A threat to press freedom in Britain

Britain's  politicians are proposing to bring back statutory press control for the first time in more than 300 years. This is unacceptable

A free press is one that is free from government or political interference. Our politicians maintain that they are defenders of a free press in this country and yet they persist in wanting to impose legal constraints upon it. Ever since the Leveson report was published last November, the newspaper industry has endeavoured to draw up a new regulatory structure that would be both robust and independent.

Overseen by a Royal Charter, it would be the toughest form of self-regulation in the democratic world – and be paid for by the industry. It would provide the same safeguards and opportunities for redress that MPs want to see, with the added virtue of being completely free of political control. But this is not good enough for our politicians, who appear to take their lead from the pressure group Hacked Off.

Maria Miller, the Culture Secretary, told the Commons yesterday that a committee of the Privy Council had rejected the newspaper industry’s petition for the granting of a Royal Charter “because it falls short of government policy on the self-regulation of the press, based on the Leveson report”.

The politicians have devised their own structures, also to be enshrined in Royal Charter, but one that they seek to impose upon the press.

This is the first time it has been proposed that an industry should be forced to sign up to a Royal Charter rather than voluntarily accede to one. Moreover, the cross-party charter – cobbled together without any discussion with the industry – would be underpinned by legislation, thereby giving it the very statutory basis that David Cameron rightly said would be “crossing the Rubicon”.

For all their protestations to the contrary, our politicians are proposing to bring back statutory press control for the first time in more than 300 years. This is unacceptable.


British police tell children it's a 'crime' to play in street

Police sent flyers to families in a Surrey town warning them it was a crime for children to play football and go on skateboards in the street.

The leaflet said police wanted to remind parents of their “legal and social responsibilities” about playing games in the road, and also warned: “Ignore the law and you may be liable to prosecution.”

Parents reacted angrily to the flyer, saying their children had benefitted from being able to play outside.

Posting on the About Thames Ditton facebook page, Colin Harrison wrote: "I have 3 children who have been playing in Southville Road ..... yep guilty as charged ....they have been playing on scooters and skateboards, making new friends and having fun and I can assure you their safety is paramount!

"I actually had to tell my kids this week that the police and certain residents of our community want you back indoors in front of tvs and computers."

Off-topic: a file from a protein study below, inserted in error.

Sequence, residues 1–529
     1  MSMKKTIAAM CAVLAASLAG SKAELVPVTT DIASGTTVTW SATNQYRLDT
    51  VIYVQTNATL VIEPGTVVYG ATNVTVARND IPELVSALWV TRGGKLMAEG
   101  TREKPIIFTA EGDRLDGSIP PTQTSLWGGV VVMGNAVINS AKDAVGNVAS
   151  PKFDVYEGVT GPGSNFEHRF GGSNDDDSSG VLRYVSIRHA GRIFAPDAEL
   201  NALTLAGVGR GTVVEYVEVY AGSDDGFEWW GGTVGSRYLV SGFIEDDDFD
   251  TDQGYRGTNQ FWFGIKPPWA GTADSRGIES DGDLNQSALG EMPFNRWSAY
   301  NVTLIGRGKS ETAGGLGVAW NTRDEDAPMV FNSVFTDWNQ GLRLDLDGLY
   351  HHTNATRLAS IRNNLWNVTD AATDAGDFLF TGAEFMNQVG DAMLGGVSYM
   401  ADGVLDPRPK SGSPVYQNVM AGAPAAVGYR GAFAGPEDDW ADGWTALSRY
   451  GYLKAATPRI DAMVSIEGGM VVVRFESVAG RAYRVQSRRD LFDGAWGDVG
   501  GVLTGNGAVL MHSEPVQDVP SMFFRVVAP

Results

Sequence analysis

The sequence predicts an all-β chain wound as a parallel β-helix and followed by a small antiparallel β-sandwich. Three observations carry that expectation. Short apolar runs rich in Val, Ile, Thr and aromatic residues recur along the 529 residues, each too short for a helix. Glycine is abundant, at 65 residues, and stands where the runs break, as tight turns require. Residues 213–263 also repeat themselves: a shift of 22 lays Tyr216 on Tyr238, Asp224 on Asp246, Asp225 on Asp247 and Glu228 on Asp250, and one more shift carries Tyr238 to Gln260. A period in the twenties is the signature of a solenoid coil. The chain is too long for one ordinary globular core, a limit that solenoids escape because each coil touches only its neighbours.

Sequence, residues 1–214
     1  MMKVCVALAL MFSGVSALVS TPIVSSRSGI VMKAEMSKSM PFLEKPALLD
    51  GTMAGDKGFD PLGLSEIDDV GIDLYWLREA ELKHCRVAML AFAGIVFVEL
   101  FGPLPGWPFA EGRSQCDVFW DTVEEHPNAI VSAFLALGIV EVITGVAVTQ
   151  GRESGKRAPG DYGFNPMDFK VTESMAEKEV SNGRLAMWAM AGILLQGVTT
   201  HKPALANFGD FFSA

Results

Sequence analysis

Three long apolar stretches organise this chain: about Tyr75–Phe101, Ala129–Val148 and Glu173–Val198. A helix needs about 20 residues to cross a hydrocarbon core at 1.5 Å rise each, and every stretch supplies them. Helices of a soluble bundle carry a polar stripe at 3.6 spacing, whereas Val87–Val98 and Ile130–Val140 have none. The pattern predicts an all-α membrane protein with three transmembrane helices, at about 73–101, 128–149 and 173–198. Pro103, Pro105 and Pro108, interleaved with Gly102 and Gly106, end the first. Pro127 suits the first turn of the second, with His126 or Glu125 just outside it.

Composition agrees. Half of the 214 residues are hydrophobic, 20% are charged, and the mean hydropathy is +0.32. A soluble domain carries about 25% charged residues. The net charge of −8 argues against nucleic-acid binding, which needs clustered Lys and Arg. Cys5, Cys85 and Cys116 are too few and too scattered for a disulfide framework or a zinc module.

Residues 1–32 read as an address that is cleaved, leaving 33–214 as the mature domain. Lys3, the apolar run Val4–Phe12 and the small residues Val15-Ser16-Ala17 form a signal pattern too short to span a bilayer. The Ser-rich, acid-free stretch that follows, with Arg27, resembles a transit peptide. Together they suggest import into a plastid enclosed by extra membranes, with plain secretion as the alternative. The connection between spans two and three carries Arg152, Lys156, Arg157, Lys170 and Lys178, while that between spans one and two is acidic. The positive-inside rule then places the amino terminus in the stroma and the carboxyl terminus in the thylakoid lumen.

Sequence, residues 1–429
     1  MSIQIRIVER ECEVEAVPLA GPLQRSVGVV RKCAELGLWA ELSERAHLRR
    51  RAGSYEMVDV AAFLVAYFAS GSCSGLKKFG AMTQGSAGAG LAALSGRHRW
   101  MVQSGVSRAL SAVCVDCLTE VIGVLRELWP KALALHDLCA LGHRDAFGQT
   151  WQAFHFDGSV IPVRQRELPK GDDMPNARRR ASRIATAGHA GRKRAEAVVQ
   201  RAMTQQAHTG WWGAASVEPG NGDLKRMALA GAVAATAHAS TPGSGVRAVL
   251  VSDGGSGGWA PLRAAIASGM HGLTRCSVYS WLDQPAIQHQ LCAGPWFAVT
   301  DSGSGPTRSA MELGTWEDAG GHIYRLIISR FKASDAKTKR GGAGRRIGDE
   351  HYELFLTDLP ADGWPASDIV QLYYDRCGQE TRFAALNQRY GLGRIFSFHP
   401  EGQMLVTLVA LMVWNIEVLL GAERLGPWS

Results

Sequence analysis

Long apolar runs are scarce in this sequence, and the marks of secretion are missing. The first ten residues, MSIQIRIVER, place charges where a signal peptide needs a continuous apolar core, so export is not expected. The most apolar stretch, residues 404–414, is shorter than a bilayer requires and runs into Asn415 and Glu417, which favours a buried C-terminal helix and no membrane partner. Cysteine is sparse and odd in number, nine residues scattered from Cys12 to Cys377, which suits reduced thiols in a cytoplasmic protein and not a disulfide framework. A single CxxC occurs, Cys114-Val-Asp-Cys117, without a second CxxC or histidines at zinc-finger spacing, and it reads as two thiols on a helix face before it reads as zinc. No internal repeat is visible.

Teresa Templeton also wrote: "And the next complaint will be about the children getting obese, and how lazy and rude they are.

 Playing together nurtures social skills, it encourages healthy living, the same people agreeing to keeping the kids off the streets will be the same people complaining that their tax money is being used to fund surgeries for the overweight adults they may become."

Inspector David Hollingworth apologised to all residents in Southville Road in Thames Ditton who received the leaflet from the Surrey force, the BBC reported.

Speaking about the leaflet, he said: "It correctly identified that playing games such as football on the highway may be unlawful in some circumstances; however this would not in any way be criminal behaviour.”  He added: “Please accept my apologies for the way in which the leaflet put this message across and for any offence it may have caused."

The leaflet referred to recent complaints about young people roller skating and skateboarding in the street. It said: “Playing football or other sports in the street is a criminal offence, particularly if someone is affected, such as being involved in an accident, or where the activity has caused them annoyance, alarm or distress.”

Residents said children started to go outside to play after the road was resurfaced a week ago.

Catriona Riddell also posted: "I can't tell you how much this has affected our poor kids - some won't even go out on their scooters on the pavement now for fear of being told off. A very sad state of affairs!"

Tom Muir, a resident, described it as a “knee jerk” reaction to complaints of cars being hit by footballs.



Political correctness is most pervasive in universities and colleges but I rarely report the  incidents concerned here as I have a separate blog for educational matters.

American "liberals" often deny being Leftists and say that they are very different from the Communist rulers of  other countries.  The only real difference, however, is how much power they have.  In America, their power is limited by democracy.  To see what they WOULD be like with more power, look at where they ARE already  very powerful: in America's educational system -- particularly in the universities and colleges.  They show there the same respect for free-speech and political diversity that Stalin did:  None.  So look to the colleges to see  what the whole country would be like if "liberals" had their way.  It would be a dictatorship.